Archive for the ‘legal crap’ Category


Asshole update

The racist won.


Well, to be precise, everyone but the racist won.

White supremacist Richard Spencer will speak at the University of Florida, says First Amendment attorney Gary Edinger. As I wrote three days ago, that was in doubt and almost in court.

Edinger represents Carmen Padgett, who’s essentially Spencer’s agent. Last night, Edinger sent me a statement he’s released publicly…

It appears that a resolution can be reached and that litigation will not be necessary. Mr. Padgett has received assurances that Mr. Spencer’s speaking engagement will go forward on a different date, but most likely in the same venue: the Phillips Center for the Performing Arts on campus. We have not yet established a new date or terms for the speech.

Edinger blames Hurricane Irma for “the slow pace of our discussions.” But he’s meeting with UF officials by phone this morning “at which time we hope to announce firm details.”

A hurricane and a racist. Not your typical news day.

So…

  • Richard Spencer and his agent won’t extract a cash settlement from another public university, as they did from Auburn in May.
  • Sometime soon, Spencer will speak on a college campus where he’s not wanted.
  • He’ll be met by protesters expressing their Constitutional rights.

The system works. Too bad we can’t negotiate with hurricanes the same way.

Assholes have rights

I stand with this racist.


If you’re a patriotic American, so should you.

Meet Richard Spencer, one of the nation’s best known white supremacists. Actually, he’s most famous for getting the crap kicked out of him.

In Charlottesville last month, the 29-year-old Montanan got pepper-sprayed — and then taunted by the likes of the Washingtonian, which ran this headline: “Stop What You’re Doing and Enjoy These Photos of Richard Spencer Crying.”

Back in January, Spencer got punched in the face at an Inauguration Day rally in DC. Maybe you saw it…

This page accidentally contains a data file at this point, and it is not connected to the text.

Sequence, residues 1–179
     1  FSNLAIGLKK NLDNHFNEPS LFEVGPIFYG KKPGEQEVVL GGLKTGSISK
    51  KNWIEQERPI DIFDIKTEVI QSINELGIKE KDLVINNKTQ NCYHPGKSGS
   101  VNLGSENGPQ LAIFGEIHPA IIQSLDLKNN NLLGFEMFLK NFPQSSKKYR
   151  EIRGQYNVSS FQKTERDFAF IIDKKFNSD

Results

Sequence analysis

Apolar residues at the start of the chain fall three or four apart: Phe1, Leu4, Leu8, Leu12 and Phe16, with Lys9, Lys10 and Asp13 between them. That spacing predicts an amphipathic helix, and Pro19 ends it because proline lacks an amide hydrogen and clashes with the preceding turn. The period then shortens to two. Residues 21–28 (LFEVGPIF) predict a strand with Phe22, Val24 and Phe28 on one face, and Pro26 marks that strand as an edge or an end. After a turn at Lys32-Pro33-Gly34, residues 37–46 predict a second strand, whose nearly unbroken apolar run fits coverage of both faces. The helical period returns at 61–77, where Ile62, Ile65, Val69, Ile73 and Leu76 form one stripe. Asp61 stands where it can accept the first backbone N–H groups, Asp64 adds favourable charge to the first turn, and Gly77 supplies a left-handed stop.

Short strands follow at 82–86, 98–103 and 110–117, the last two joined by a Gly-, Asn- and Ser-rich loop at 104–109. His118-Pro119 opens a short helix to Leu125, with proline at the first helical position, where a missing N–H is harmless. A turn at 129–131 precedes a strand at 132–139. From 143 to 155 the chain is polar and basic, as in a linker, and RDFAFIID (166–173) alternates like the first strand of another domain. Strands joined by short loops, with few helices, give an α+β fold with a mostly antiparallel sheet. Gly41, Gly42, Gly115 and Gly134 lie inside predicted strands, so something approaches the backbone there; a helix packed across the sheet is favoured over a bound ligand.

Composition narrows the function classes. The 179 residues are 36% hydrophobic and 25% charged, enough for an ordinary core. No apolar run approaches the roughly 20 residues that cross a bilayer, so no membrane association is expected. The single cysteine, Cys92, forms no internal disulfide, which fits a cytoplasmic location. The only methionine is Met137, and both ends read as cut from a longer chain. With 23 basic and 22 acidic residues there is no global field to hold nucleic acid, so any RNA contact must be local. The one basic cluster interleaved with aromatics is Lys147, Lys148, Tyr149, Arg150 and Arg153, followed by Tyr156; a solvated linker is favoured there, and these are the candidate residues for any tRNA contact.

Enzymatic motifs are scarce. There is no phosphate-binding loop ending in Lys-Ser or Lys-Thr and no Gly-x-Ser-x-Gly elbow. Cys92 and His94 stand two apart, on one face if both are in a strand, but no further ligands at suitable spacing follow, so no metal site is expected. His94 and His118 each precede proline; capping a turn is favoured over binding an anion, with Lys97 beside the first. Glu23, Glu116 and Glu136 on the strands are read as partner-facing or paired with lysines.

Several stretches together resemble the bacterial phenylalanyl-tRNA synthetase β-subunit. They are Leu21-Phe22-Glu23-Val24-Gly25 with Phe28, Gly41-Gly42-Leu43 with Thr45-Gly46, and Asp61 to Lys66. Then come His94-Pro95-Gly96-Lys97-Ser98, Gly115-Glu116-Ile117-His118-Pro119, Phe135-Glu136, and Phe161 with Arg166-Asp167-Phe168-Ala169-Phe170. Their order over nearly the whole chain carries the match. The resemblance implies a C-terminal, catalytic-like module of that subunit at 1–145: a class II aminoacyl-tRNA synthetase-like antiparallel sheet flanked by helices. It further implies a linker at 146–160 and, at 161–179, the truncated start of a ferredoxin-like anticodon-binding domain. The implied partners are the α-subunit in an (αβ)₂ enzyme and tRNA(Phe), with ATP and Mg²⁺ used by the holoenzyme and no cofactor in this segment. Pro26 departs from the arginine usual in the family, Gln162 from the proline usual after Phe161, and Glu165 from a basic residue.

…because it has more than 3 million views and inspired dozens of mocking memes.

Now Spencer wants to speak at the University of Florida, my alma mater. (Is it still my alma mater if I got expelled?) After three weeks of trying, he still hasn’t secured a date. So there might be a lawsuit.

It’s like this…

  • A 23-year-old Georgia State University student named Cameron Padgett is acting as Spencer’s agent, booking him on a national college speaking tour.
  • In the aftermath of Charlottesville, the University of Florida denied Padgett’s request to bring Spencer to campus, citing “serious concerns for safety.”
  • Padgett hired Gary Edinger, a Gainesville First Amendment attorney, to either secure Sept. 12 as a speaking engagement or sue the school.

Padgett has sued before and won. In May, Auburn settled for $29,000 after the public university tried to deny Spencer’s appearance there.

If he sues again, I’ll help.


And I’ll ask for SPJ’s help, too.

Padgett signed a “facility rental contract” for Spencer to speak at the Phillips Center, pictured above. I can’t imagine a racist filling all those seats, but I suspect that’s not the goal.

I beleve Padgett wants to get denied. Why? The math…

  1. If Spencer speaks without getting hassled, he won’t draw 20 people. His real audience isn’t his meager supporters, it’s his copious opponents.
  2. Padgett’s contract with the University of Florida will cost him $6,000 for rent and security. When Auburn refused and later relented, Padgett was paid nearly $30,000.